It’s no secret that there are a number of hoops to jump through before your commercial solar system goes online. Between the applications, inspections, and approvals, it’s a lot to manage, although they are all for good reason. Keeping the solar process organized and structured creates a safer environment for both property owners and the utility.

But, you’re eager to flick the switch on your commercial building’s new system. Not only will it provide your tenants with access to discounted, sustainable energy, but it will also be a huge value driver for your property. Your tenants are probably even asking about the solar program’s start date and want to start seeing savings on their bill.

From your end, everything seems ready, but your solar partner says that you need to wait for the PTO. No one’s taking time off here, so what’s a PTO for solar?

PTO for solar, or permission to operate, is the final step in the interconnection process where you receive approval from the utility to activate your solar system and begin generating electricity. Procedures, rules, and regulations can vary by utility, but here’s what you can expect.

Before the PTO stage

Getting to the PTO stage takes up a bulk of the commercial solar process, as it involves a majority of the “heavy lifting.” Before you’re ready to apply for PTO, you, or your solar partner, have already filed your interconnection application with the project specs, secured a building permit with your city, procured parts, and installed the system.

The utility has also studied and approved your system, and you have made any changes or updates that they requested. The local city or county authority, or AHJ (authority having justification), that issued the building permit has also signed off.

So now, after both the utility and local authority have approved the commercial installation, you are ready to apply for PTO for your solar system.

The PTO process

Once the solar system is ready for operation, your commercial solar partner will schedule a PTO inspection with your local utility. In California, the lead time required for the inspection can vary by utility, but there is no additional cost outside of the original application fee.

Usually, on the date of the scheduled PTO inspection, a utility inspector will come to your commercial building and examine the solar system. They’ll confirm that the project matches the submitted design documents, reviewing the tie-in point as well as part numbers for the disconnect, meter equipment, inverters, and solar panels.

At this point in the solar PTO process, the inspector will also have the solar contractor turn on the system so they can verify that it’s operating safely. They’re mainly checking for an anti-islanding window, where the inverters don’t produce power for a minimum of 2 minutes. This keeps utility personnel safe by making sure that the inverters don’t unexpectedly energize the lines during a power outage.

Solar inverters on a flat roof topSolar inverters installed on the side of a commercial building’s parapet wall.

If there are discrepancies between the information given to the utility with the original interconnection application, like design or part changes, they will need to be resolved before the utility approves the PTO. If no issues are found, the system is immediately energized for commissioning and testing purposes.

After approval, the utility will provide a PTO letter in around 3-5 days, marking the official starting point for commercial operation.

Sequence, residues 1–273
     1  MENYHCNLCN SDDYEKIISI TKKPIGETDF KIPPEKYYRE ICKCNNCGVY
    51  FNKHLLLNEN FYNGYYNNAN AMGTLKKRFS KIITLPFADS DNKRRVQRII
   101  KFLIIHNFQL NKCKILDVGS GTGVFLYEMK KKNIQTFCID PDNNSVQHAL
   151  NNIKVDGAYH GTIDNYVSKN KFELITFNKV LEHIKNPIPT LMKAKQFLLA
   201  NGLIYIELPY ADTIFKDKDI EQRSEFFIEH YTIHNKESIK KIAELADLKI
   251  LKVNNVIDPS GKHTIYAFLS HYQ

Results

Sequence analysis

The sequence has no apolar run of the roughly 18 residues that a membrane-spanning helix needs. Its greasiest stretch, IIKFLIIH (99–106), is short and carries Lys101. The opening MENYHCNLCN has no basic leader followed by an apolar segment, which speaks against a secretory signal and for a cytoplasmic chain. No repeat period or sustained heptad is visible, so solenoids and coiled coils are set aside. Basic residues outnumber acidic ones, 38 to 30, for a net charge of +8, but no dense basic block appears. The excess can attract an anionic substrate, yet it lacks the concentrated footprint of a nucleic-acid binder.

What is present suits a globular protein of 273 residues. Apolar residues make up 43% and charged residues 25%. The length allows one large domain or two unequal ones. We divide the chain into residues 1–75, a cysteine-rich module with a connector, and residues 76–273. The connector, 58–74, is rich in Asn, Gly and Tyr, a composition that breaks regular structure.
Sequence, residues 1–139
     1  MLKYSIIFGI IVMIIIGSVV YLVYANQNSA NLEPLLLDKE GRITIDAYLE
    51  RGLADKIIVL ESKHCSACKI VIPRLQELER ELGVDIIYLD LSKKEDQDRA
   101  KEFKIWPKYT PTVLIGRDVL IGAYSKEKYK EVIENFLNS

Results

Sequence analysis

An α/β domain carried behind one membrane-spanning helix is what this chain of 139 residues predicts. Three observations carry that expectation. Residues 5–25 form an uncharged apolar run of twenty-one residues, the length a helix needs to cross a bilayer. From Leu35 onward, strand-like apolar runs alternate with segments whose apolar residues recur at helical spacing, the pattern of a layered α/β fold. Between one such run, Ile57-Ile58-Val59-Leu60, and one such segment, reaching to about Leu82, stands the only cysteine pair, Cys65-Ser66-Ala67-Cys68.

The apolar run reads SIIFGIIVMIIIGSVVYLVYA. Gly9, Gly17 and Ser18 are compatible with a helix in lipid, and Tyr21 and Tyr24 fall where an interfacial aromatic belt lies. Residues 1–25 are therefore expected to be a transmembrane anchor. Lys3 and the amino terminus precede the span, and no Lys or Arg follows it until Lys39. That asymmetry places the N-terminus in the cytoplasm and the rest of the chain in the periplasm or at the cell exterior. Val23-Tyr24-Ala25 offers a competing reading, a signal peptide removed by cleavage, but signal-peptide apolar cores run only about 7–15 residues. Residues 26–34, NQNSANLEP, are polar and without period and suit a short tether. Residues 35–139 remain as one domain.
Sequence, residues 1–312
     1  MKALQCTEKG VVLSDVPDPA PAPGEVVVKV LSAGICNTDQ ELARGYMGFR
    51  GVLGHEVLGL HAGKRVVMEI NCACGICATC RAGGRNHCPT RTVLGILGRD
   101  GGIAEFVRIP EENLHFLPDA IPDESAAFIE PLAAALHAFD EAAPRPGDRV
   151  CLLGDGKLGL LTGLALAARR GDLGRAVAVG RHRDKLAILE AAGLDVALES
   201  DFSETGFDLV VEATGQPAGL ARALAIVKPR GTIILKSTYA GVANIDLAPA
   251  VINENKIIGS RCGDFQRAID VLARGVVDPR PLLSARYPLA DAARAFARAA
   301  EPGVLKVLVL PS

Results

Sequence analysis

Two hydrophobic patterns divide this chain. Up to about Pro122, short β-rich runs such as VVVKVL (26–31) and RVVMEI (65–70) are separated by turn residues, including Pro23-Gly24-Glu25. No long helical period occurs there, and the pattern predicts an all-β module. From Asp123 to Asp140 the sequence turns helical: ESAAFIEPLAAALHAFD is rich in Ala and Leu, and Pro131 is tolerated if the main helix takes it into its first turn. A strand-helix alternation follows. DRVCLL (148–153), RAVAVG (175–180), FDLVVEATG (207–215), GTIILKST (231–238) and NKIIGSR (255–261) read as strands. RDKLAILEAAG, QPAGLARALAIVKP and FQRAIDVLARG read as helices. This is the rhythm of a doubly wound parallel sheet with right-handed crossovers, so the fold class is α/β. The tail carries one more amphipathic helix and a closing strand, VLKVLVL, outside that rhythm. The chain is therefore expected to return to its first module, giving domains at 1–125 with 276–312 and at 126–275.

What happens after the PTO

After the PTO letter is received and the system is fully operational, your solar system will begin producing energy for tenants of your commercial building. The newly installed meter will monitor the amount of solar power produced and help with distribution amongst tenants.

If your commercial building has a King Energy solar system, enrolled tenants will receive a single statement for all their energy usage from OneBill™. This statement will have both utility and solar savings included, as well as a breakdown of usage. Tenants make one payment, and King Energy handles the rest.

It’s important to note that it may take the utility one or more billing cycles for them to begin registering your solar savings on your account, so your first bill may only have utility charges. Once the utility updates their system, you’ll still receive the discount for all of your solar generated from the original PTO letter date.

Tenants at commercial buildings with other solar systems may start receiving 2 separate bills, one from the utility and another from their solar provider. They will need to manage each account separately and make multiple payments.

Keeping the PTO process smooth

It can be a daunting task to bring solar to your commercial building, so it’s important to work with a partner that knows how to navigate through the process. Experience with the procedure and an understanding of the utility’s ins-and-outs can mean the difference between a seamless installation and numerous unexpected delays.

King Energy has successfully launched projects all over California, working closely with all three of the largest utility companies: PG&E, SDGE, and SCE. Our dedicated team handles the process end to end, managing scoping, engineering, applications, installation, and repairs for the life of the program at no cost to commercial property owners.

King Energy solar system on flat roofCompleted King Energy solar system installed on a flat commercial roof

At multi-tenant properties, we rent the roof from property owners instead of relying on complex contracts, financing, or revenue shares. Landlords get an increased rent roll and property value, and their tenants receive access to discounted solar energy for 10% less than the utility rates.

Contact us for a personalized proposal for your multi-tenant building.